Television

The Purge 1×03 – ‘The Urge to Purge’

The Purge has made the translation to the small screen and on a weekly basis, I’ll be reviewing the show in capsule form for Set The Tape. Here’s a preview of my review of the second episode, The Urge to Purge.

For an episode all about ‘The Urge to Purge’, there doesn’t feel all that much of it going on in the third outing of The Purge TV adaptation. James DeMonaco’s translation continues to suffer from a powerful sense of the TV equivalent of Attention Deficit Disorder, lurching like a pinball from one idea to another without any sense of grounding. It’s hard to understand why it’s bizarrely so engaging as a result as opposed to irritating, even if it’s becoming increasingly clear there is almost no substance beneath the ghoulish style. The Purge on TV is even more a conduit for broad sociopolitical ideas at the expense of memorable characterisation than the films.

This comes from someone, by the way, who has always been a champion of this franchise, and The Purge TV series continues to tap into the baser tropes that will appeal to anyone in search of a schlock-ridden B-movie, but ‘The Urge to Purge’ moves closer and closer to just outright cliche. Of course the fat co-worker who has cheerily been smiling and cracking jokes at her uptight boss is a full on psycho nut job. Obviously the earnest ex-Marine is going to miss the sister he’s been tracking down by a hairs breadth. And isn’t it clear that the rich, quasi-Nazi businessman is a cold-hearted killer? Not to the powerfully naive Rick (Colin Woodell) and Jenna (Hannah Anderson), it seems.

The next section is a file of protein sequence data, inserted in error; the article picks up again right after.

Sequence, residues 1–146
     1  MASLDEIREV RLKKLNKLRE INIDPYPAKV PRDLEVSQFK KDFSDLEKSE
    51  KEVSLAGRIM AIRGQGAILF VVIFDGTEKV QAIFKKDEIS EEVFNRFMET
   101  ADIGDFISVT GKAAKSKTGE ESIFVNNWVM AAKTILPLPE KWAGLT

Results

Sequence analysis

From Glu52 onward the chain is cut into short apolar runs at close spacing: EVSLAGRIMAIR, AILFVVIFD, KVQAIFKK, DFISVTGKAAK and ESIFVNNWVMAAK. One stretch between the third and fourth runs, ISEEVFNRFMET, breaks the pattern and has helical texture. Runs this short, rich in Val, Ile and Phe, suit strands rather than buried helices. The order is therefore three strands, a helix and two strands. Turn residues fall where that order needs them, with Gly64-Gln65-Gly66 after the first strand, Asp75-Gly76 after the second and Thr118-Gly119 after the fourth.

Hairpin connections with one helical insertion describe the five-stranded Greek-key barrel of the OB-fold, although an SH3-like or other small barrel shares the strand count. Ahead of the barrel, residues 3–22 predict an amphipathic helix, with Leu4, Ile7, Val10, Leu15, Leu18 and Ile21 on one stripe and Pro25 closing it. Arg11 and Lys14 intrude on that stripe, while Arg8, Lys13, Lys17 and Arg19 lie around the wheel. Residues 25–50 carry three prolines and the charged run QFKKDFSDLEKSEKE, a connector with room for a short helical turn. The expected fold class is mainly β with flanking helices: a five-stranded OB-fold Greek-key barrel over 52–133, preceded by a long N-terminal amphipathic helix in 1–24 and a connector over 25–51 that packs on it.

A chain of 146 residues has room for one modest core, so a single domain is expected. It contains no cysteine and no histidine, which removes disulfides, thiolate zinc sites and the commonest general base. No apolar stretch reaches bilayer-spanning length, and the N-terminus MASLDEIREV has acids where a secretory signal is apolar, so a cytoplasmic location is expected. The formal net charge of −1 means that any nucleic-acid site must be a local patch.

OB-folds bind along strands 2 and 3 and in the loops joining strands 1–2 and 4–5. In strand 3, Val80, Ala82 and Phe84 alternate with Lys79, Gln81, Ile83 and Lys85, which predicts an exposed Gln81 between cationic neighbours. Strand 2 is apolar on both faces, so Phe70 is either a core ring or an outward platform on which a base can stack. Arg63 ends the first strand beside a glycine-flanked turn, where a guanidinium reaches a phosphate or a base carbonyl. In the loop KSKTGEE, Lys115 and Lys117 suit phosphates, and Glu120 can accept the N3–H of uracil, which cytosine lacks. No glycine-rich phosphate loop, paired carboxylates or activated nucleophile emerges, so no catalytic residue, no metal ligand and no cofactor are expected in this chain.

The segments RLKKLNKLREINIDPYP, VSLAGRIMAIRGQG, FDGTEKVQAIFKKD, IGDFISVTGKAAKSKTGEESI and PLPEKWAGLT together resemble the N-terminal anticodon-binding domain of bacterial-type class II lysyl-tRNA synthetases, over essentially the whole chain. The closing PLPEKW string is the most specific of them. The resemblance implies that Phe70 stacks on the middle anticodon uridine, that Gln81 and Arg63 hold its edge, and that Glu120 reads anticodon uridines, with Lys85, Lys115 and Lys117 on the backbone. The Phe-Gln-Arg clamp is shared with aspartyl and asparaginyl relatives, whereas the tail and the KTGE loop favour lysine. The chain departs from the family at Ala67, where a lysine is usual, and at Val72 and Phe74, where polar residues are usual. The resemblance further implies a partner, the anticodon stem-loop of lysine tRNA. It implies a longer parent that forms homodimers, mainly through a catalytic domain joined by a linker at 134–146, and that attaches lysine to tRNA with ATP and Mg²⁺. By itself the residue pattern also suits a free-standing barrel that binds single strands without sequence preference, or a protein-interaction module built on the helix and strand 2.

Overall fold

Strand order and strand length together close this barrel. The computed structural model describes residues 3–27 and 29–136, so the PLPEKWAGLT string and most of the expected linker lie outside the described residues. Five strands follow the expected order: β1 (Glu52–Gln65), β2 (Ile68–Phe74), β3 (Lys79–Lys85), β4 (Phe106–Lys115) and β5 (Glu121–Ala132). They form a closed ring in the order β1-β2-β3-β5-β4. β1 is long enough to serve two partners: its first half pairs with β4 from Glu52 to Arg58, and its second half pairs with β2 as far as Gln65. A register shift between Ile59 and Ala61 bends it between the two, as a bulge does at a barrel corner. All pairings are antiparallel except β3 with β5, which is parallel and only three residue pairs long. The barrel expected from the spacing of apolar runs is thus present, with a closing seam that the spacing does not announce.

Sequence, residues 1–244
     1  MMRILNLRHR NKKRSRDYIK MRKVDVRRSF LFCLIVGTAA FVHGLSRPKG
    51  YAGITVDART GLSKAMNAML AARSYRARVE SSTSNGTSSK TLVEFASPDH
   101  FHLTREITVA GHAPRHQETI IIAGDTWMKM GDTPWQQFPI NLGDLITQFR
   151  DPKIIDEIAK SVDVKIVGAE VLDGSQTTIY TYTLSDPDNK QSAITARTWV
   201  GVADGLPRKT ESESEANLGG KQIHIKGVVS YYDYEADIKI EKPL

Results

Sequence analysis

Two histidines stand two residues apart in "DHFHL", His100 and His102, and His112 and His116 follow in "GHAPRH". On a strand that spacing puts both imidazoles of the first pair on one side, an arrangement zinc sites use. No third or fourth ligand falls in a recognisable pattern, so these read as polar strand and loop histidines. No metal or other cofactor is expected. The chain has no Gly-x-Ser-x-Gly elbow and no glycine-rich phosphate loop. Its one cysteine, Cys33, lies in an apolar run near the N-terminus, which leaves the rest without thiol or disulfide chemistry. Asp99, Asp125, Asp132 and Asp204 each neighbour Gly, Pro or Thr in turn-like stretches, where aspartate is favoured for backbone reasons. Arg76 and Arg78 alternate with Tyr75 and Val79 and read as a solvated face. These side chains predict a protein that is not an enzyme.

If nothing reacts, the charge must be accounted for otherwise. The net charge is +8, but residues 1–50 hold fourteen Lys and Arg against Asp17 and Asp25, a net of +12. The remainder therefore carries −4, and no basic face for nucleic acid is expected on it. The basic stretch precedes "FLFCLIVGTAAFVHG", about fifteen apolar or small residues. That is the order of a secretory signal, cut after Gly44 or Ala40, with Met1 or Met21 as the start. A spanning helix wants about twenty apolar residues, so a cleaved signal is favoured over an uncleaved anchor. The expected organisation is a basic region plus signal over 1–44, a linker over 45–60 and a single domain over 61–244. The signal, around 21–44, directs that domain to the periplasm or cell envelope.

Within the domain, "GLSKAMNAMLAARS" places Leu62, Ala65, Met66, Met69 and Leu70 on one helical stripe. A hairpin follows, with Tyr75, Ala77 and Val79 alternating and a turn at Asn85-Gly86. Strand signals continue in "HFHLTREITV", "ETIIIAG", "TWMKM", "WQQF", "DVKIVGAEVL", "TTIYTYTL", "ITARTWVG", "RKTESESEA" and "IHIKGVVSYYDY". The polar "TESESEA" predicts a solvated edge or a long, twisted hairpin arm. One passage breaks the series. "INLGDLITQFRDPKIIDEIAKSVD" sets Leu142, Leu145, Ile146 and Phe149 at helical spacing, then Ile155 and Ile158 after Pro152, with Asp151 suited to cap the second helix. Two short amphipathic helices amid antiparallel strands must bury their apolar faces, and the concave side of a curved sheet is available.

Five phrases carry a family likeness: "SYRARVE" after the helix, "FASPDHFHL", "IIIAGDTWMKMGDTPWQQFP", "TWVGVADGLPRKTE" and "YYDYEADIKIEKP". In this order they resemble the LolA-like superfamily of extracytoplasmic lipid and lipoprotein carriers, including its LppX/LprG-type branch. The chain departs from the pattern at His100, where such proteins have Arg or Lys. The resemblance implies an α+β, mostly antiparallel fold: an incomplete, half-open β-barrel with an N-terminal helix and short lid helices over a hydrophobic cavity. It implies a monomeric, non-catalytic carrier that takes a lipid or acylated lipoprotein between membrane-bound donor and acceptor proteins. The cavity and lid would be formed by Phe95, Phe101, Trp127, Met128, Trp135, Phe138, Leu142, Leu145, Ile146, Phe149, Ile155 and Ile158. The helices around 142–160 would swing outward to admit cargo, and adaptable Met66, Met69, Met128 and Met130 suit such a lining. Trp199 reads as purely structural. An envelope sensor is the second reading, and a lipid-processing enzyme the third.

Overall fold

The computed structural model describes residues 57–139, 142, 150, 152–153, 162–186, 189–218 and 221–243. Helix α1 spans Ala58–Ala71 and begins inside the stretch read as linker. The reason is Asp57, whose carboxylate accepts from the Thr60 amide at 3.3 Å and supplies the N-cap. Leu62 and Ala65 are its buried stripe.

This is the biggest problem with The Purge – almost everyone involved that we are following across this dark night is an absolute idiot, in varying different ways. Jenna and Rick (more Jenna) continue to be caught in this *frankly a bit weird* love triangle with hot, rich totty Lila (Lili Simmons) but this latest episode attempts to remind audiences that they’re at this fascist display of exorbitance in order to extract money for a welfare programme from the super rich Albert Stanton (Reed Diamond), who even if you didn’t know played a Nazi in Agents of S.H.I.E.L.D. once literally kicked off his party by standing on a platform and unveiling a flag and a doctrine which might as well have had him goose stepping to the champagne. When he shoots a man dead, Jenna is shook, like she just found out Santa Claus likes to slaughter elves. Really?

Read the rest of this review here.

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